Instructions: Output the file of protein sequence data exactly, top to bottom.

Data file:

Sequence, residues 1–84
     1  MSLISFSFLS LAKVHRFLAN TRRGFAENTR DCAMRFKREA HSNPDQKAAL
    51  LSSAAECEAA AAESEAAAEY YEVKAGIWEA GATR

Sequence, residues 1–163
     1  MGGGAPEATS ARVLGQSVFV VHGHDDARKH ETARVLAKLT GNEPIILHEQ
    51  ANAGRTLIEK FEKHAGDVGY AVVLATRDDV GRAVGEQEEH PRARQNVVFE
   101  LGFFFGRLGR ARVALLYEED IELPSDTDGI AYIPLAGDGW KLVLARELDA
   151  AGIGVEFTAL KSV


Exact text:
Sequence, residues 1–84
     1  MSLISFSFLS LAKVHRFLAN TRRGFAENTR DCAMRFKREA HSNPDQKAAL
    51  LSSAAECEAA AAESEAAAEY YEVKAGIWEA GATR

Sequence, residues 1–163
     1  MGGGAPEATS ARVLGQSVFV VHGHDDARKH ETARVLAKLT GNEPIILHEQ
    51  ANAGRTLIEK FEKHAGDVGY AVVLATRDDV GRAVGEQEEH PRARQNVVFE
   101  LGFFFGRLGR ARVALLYEED IELPSDTDGI AYIPLAGDGW KLVLARELDA
   151  AGIGVEFTAL KSV